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Deloitte Move Cyber From Threat Assessment To Growth Enabler

December 26, 2022

Deloitte released its 2023 Global Future of Cyber survey, which found that cyber is more than just technology-focused—it is foundational to an organization’s growth strategy. This year’s report polled more than 1,000 leaders across 20 countries—Deloitte Global’s largest cyber survey to-date—to get a clearer picture of where cyber stands and where cyber is going.

With 91% of organizations reporting at least one cyber incident in the past year—up 3% from last year—56% of respondents report that they suffered related consequences to a moderate or large extent. However, as the threat grows, so does the case for cyber investment as a growth enabler, with 86% of cyber decision-makers saying their focus on cyber has made a significant, positive contribution to business.

"This year’s report shows how cyber is now woven more tightly into business operations, outcomes, and opportunities. Chief information security officers (CISOs) are most successful when they are connectors across their organization, focused on enabling their organization’s highest business priorities,” says Emily Mossburg, Deloitte Global Cyber Leader. "Cyber has become an enabler for business and embedding it into all business practices has shown nothing but success. Advancing cyber will only become more critical as the global economy faces a potential downturn and businesses navigate a looming recession."

Understanding cyber maturity and identifying high-performing cyber organizations are critical in setting the stakes for other organizations. By separating high-cyber-maturity organizations from their medium- and low-cyber-maturity counterparts, the report identifies a distinct class of cyber leaders and more fully demonstrates the extent to which cyber underpins business success and value.

To define cyber maturity, Deloitte identified three sets of leading practices to rate organizations—cyber planning, key cyber activities, and board involvement. The report segments the organizations into three groups—low-, medium-, and high-cyber-maturity—by assigning point values to each set of leading practices.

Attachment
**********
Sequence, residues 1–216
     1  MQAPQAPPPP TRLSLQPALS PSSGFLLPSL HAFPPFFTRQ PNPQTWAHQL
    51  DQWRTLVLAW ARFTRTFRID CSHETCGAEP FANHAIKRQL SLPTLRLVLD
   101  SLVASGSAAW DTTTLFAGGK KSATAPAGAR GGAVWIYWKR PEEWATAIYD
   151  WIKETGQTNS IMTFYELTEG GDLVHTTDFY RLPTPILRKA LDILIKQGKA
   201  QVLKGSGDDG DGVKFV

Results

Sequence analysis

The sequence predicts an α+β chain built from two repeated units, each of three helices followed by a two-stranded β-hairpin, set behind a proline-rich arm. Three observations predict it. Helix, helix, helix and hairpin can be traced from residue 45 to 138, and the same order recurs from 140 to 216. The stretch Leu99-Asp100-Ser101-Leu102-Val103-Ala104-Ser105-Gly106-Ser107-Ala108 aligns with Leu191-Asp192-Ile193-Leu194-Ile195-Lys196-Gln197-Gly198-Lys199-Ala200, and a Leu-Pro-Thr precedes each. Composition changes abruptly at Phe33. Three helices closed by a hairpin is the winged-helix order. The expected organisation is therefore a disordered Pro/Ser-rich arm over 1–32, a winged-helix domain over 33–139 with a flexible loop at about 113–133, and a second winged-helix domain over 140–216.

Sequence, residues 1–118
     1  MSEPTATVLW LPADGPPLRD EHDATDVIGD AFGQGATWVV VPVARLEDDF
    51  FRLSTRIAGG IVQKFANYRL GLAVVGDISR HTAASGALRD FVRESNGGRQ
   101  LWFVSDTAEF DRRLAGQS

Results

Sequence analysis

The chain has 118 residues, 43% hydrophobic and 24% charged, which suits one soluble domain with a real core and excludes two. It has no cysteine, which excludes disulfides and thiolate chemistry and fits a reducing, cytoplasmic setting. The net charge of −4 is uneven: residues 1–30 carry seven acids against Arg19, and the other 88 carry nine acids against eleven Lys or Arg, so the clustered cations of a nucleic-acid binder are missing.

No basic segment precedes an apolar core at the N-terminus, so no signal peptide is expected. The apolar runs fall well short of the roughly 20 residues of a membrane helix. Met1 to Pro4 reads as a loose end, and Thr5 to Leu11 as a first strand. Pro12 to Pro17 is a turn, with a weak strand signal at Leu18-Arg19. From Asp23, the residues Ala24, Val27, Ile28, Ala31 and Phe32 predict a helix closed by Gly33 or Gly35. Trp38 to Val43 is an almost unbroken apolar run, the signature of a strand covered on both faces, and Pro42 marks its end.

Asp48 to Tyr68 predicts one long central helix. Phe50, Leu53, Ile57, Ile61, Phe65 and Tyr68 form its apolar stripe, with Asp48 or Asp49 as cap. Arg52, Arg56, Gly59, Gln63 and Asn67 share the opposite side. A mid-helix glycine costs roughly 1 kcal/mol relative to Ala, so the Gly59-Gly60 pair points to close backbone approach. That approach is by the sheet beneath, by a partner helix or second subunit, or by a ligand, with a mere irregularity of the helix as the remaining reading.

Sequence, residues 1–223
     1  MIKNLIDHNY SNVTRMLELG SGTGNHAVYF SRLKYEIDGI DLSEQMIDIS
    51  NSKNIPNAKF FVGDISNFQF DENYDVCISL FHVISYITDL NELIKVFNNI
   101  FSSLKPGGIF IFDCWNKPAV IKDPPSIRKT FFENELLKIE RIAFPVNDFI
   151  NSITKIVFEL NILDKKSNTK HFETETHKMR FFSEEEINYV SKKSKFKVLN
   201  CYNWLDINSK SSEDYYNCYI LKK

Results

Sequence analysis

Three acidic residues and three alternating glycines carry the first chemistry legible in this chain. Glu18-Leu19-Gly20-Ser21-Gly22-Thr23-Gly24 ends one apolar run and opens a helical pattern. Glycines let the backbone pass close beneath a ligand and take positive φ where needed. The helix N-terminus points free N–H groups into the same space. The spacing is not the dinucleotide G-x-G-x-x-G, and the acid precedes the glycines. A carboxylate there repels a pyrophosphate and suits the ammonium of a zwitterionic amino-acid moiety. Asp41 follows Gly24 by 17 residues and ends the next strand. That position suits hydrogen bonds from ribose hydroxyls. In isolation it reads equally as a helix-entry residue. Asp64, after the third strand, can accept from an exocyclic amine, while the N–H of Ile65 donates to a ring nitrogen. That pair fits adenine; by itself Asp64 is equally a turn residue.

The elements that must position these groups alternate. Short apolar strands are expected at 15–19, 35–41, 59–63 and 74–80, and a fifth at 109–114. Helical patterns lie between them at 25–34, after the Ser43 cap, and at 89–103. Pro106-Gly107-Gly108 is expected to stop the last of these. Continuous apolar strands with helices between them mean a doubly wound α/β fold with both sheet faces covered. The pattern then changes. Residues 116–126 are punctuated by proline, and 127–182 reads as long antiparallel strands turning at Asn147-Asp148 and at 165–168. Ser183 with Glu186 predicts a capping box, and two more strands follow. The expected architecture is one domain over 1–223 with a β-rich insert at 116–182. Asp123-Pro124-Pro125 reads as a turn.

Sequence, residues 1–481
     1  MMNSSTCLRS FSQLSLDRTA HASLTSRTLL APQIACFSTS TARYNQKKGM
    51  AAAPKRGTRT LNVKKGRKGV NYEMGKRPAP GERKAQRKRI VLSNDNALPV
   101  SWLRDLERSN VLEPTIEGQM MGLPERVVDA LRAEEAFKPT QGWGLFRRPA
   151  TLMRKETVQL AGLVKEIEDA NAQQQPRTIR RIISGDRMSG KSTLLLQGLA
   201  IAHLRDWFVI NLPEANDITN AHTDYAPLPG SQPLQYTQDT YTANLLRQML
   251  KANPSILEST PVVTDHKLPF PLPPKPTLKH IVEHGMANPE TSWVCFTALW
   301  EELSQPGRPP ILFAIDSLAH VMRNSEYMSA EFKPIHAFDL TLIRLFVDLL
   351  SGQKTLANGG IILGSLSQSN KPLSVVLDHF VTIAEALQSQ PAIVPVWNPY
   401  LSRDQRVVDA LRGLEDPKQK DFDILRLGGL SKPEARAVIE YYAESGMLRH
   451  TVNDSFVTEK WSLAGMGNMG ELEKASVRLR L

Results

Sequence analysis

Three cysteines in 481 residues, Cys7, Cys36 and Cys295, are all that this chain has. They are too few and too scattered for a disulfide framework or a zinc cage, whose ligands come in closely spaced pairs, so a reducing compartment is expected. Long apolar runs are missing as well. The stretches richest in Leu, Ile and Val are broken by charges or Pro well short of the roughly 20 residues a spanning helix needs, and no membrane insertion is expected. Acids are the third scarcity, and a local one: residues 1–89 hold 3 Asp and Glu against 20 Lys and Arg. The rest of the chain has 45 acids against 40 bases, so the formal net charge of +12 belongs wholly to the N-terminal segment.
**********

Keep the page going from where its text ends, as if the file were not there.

The key findings of this report exemplify why the incorporation of cyber initiatives throughout business processes can enable growth and achieve cyber maturity.

Global industries continue to navigate constant disruption propelling leaders to adjust their priorities and business initiatives to consider the latest technologies, while also working with extended ecosystems to develop solutions—including data protection and privacy, cyber cloud, infrastructure security, and application security.

Cloud is now the number one digital transformation priority for leaders, up from the number two spot in 2021, displacing data analytics.

5G, a newcomer, takes a spot within the top five priorities for businesses, reflecting the growing role of the technology within business ambitions and proving that, while 5G can enable new business models like telemedicine and asset tracking in manufacturing, it also expands the attack surface continuing the need to embed cyber at the start.

Highly mature companies saw 30%+ more value from third-party cyber services such as cyber strategy, data protection and privacy, cyber cloud, infrastructure security, and application security.

76% of respondents reported use of automated behavior capabilities to detect and mitigate cyber risk, compared to 53% in 2021.

Cyber planning and talent can bring innovative solutions that support future business models and identify unforeseen challenges.

87% of highly mature organizations were more likely to have robust plans in place for incident response. (91% will have a robust operational and strategic plan and 88% will develop a plan to assess the protection of data).

High-cyber-maturity companies (60%) are three times as likely as low-cyber-maturity organizations (20%), and twice as likely as medium-cyber-maturity organizations (30%) to conduct incident-response scenario planning at the organizational and/or board level.

70% of respondents reported cyber was regularly on their board’s agenda, suggesting that cyber is evolving into a distinct functional area of the business.

A lack of skilled cyber professionals is reported to be a top challenge in managing cyber, according to 47% of high-cyber-maturity organizations, suggesting that organizations appreciate the importance experienced talent can bring to cyber efforts.

“With cyber threats growing and advancing around the globe, there is no architecture or approach that can guarantee absolute security and risk mitigation,” adds Mossburg. “We’re now seeing cyber transcend its traditional IT roots and become an essential part of future-proofing businesses—which will be critical in the year ahead as digital transformation continues to be a top investment.”

The report has highlighted why organizations need to invest in key areas throughout the business to increase cyber efficiency in 2023. To enable growth, organizations need to focus on hiring and developing the right cyber talent, executing thorough digital planning, and partnering with extended ecosystems, all while incorporating cyber into strategic business initiatives.

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